The recent and continued racial strife in our country has deepened the division and separation among our citizens that has existed for years. As followers of Jesus, we must speak and act in ways that bring reconciliation and redemption out of the strife, not add to the disruptions. What is our narrative in days like these?
Paul, a Jewish religious leader who Jesus called out from among his people and sent him to all ethnic groups beyond the tribes of Israel, faced similar racial divisions as he carried the good news of Jesus to the global mission field. Many of the issues in the movement of Jesus centered on social and racial issues like who could share a meal with whom and who belonged and who did not by the religious rules they kept. Paul addressed the corrosive issue of race and its attending social practices when he wrote to Christ-followers in Ephesus.
14 For he himself is our peace, who has made us both one and has broken down in his flesh the dividing wall of hostility 15 by abolishing the law of commandments expressed in ordinances, that he might create in himself one new man in place of the two, so making peace, 16 and might reconcile us both to God in one body through the cross, thereby killing the hostility. (Eph. 2:14-17; ESV)
Christ alone is the way for warring, prejudicial groups to become a community. Jesus’ death on the cross abolishes racial and social “dividing walls” that create “hostility.” A relationship with Christ creates “one new man…so making peace” from those who were separated by prejudice and pride. Christ kills the hostility between God and people brought on by our sin-filled egos through his sacrificial death on the cross and victorious resurrection from the dead.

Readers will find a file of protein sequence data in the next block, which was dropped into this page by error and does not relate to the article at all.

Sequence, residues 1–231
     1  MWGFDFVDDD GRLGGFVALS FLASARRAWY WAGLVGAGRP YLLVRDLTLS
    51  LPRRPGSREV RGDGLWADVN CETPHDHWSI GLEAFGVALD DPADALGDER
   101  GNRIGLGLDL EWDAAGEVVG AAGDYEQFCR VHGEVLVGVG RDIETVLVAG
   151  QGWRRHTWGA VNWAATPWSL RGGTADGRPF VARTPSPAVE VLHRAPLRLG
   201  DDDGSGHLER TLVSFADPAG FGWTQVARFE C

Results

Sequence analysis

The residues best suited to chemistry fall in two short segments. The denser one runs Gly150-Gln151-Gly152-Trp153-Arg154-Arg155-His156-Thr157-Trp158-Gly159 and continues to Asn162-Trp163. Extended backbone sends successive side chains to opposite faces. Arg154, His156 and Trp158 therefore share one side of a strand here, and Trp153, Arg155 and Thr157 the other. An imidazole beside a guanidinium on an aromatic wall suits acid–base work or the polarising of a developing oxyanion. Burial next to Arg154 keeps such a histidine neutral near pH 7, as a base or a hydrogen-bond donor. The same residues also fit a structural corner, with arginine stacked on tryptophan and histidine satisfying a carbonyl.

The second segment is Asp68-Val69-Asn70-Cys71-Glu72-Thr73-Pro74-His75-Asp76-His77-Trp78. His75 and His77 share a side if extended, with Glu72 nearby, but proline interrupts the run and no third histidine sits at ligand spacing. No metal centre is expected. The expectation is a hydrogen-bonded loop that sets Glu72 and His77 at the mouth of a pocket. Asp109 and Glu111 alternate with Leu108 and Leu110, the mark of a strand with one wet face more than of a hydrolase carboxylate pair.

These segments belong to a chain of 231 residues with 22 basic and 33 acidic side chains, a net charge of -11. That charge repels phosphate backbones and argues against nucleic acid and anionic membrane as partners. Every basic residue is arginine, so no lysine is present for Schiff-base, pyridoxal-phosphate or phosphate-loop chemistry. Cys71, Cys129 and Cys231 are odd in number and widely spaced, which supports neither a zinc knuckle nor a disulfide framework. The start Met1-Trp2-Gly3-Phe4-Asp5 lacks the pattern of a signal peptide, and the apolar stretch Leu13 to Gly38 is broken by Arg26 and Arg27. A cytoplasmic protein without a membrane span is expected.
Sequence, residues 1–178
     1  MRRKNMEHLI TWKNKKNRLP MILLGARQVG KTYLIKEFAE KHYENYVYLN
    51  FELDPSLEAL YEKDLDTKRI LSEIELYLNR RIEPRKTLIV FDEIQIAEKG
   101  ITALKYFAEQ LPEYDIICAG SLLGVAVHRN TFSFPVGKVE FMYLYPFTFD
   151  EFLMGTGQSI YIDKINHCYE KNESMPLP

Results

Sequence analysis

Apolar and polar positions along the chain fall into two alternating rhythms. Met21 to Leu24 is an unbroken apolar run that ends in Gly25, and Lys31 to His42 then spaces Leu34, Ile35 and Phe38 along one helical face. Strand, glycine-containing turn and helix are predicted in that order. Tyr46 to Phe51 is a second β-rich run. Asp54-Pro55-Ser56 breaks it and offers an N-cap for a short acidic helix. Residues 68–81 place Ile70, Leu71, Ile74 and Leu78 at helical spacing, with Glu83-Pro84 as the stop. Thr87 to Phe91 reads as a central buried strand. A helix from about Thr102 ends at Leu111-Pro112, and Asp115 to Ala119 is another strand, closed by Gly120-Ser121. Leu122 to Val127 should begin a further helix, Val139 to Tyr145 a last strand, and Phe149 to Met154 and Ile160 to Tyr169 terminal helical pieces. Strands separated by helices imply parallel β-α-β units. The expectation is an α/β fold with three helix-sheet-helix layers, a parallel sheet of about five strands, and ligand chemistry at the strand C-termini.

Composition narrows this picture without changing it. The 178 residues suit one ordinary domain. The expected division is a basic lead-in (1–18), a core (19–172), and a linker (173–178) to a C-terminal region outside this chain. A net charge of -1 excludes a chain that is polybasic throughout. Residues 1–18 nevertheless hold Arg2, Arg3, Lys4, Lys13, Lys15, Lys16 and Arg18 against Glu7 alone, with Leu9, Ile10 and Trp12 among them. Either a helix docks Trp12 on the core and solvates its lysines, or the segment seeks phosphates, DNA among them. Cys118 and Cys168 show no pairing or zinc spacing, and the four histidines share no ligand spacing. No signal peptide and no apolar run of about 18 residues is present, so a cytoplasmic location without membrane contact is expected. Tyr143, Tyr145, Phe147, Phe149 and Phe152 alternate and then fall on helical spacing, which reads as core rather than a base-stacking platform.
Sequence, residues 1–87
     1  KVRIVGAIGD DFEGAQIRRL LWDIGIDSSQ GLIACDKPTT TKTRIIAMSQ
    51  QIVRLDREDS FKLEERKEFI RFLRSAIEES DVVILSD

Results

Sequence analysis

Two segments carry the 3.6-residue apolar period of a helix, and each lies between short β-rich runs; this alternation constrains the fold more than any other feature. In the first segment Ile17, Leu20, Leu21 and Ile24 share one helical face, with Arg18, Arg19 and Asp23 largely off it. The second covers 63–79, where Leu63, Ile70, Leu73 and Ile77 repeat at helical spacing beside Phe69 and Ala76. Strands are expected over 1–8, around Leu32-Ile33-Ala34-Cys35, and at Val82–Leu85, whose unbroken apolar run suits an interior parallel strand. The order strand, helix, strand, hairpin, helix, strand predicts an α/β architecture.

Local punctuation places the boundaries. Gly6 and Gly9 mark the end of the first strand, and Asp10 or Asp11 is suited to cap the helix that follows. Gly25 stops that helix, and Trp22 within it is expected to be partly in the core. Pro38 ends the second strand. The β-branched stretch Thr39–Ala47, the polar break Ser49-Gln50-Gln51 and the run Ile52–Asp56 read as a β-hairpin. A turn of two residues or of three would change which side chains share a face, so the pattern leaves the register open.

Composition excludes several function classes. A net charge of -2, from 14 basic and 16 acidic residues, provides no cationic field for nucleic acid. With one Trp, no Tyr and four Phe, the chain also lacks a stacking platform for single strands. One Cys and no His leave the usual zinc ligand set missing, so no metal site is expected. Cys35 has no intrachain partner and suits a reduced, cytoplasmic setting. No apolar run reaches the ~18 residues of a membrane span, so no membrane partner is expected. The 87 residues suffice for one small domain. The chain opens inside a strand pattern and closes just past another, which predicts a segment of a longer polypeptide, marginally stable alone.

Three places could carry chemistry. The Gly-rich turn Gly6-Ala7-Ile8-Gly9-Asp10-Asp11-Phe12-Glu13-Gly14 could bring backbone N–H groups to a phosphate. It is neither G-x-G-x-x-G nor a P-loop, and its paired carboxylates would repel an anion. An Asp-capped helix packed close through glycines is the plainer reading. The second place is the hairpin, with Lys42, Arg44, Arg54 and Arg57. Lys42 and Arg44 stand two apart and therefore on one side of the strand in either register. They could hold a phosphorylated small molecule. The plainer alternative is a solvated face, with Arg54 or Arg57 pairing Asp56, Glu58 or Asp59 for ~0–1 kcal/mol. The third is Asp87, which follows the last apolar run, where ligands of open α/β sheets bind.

Followers of Jesus no longer use labels like “strangers and aliens,” but we are now in reality “fellow citizens with the saints and members of the household of God.” (Ephesians 2:19) All people are made “citizens” and family members—no matter their racial, social or ideological origins—through a relationship with Christ. The new community of the church should be an example of reconciliation and hope where we live, learn, work and play. New-creation people who are gathered and scattered as the church should be the pacesetter in demonstrating the suffering, sacrificial love of Christ toward others in our neighborhoods, schools, and in the marketplace.
Confess your “citizenship is in heaven” (Phil. 3:20), which is made possible by Jesus, the Christ. Live like you are truly a member of the household belonging to God. You live to honor your Father in Heaven and to respect those who are members of that household. Doing so will free you to hold loosely those external things that identify you and will help you see past those same things in others. We are to treat all who trust Jesus as one of the family—no matter who they are—and all others with respect and as potential family members who can accept their adoption into God’s household at any moment. I believe, if we do these things, all the other issues that fill the news and social media will find their proper place in our cultural dialogue with others.